DP10935 The Long-Term Impacts of International Migration: Evidence from a Lottery
|Author(s):||John C Gibson, David J. McKenzie, Halahingano Rohorua, Steve Stillman|
|Publication Date:||November 2015|
|Keyword(s):||assimilation, household well-being, international migration, natural experiment|
|Programme Areas:||Development Economics|
|Link to this Page:||cepr.org/active/publications/discussion_papers/dp.php?dpno=10935|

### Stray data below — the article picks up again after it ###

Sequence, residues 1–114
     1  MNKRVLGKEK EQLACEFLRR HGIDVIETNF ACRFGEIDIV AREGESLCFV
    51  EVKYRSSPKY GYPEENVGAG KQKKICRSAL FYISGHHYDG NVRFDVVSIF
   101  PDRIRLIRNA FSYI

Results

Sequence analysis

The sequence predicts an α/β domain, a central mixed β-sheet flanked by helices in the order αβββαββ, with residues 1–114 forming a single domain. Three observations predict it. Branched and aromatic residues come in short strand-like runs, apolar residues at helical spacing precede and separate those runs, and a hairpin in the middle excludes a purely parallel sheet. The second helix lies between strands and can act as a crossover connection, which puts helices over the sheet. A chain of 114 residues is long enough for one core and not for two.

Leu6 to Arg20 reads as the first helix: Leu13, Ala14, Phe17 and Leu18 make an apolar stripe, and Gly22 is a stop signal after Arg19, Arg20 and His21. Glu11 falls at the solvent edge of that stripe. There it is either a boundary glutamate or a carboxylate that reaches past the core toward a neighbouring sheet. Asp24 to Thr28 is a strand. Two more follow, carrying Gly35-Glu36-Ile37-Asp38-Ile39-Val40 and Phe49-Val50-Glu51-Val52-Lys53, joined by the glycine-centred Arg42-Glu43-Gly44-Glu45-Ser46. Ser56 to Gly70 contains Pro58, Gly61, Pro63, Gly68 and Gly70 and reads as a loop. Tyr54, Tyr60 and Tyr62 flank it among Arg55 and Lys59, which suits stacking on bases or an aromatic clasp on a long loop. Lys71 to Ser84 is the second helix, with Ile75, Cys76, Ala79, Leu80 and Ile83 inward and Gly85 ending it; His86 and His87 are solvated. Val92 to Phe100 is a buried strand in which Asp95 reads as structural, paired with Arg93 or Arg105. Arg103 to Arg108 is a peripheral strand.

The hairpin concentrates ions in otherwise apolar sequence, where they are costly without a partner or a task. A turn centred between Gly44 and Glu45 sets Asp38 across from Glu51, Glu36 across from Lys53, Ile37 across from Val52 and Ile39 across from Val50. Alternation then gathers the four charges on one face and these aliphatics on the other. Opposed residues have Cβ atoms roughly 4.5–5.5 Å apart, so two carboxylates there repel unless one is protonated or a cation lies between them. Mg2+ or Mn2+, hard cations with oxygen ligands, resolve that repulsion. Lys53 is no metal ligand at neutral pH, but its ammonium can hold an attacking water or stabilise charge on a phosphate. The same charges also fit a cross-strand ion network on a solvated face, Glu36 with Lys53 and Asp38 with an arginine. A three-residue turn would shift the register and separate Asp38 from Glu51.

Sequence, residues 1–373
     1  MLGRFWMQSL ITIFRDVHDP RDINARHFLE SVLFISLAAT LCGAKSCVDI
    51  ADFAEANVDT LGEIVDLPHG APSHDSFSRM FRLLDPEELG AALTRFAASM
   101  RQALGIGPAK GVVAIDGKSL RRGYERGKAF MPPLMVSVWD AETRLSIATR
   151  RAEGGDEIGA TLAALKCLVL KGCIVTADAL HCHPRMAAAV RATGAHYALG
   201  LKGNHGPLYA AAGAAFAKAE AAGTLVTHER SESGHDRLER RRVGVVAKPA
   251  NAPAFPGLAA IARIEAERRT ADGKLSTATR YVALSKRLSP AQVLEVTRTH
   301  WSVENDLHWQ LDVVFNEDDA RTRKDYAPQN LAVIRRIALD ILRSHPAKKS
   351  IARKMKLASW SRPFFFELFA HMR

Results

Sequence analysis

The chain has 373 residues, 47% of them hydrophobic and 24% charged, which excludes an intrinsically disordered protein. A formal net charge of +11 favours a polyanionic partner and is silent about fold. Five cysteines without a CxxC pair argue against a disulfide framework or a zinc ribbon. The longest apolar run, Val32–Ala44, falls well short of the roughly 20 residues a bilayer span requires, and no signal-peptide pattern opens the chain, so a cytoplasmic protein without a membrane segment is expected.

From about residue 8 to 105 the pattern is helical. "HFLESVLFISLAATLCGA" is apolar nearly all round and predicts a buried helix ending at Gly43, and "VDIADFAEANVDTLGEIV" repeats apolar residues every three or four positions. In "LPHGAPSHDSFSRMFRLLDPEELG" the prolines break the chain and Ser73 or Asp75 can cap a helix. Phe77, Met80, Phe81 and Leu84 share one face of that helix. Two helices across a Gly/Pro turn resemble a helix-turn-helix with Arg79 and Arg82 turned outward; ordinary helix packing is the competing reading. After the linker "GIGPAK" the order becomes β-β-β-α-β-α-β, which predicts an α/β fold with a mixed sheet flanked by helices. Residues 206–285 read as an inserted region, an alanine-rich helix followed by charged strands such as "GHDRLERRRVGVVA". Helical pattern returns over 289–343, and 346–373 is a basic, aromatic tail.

We examine the long-term impacts of international migration by comparing immigrants who had successful ballot entries in a migration lottery program, and first moved almost a decade ago, with people who had unsuccessful entries into those same ballots. The long-term gain in income is found to be similar in magnitude to the gain in the first year, despite migrants upgrading their education and changing their locations and occupations. This results in large sustained benefits to their immediate family, who have substantially higher consumption, durable asset ownership, savings, and dietary diversity. In contrast we find no measureable impact on extended family.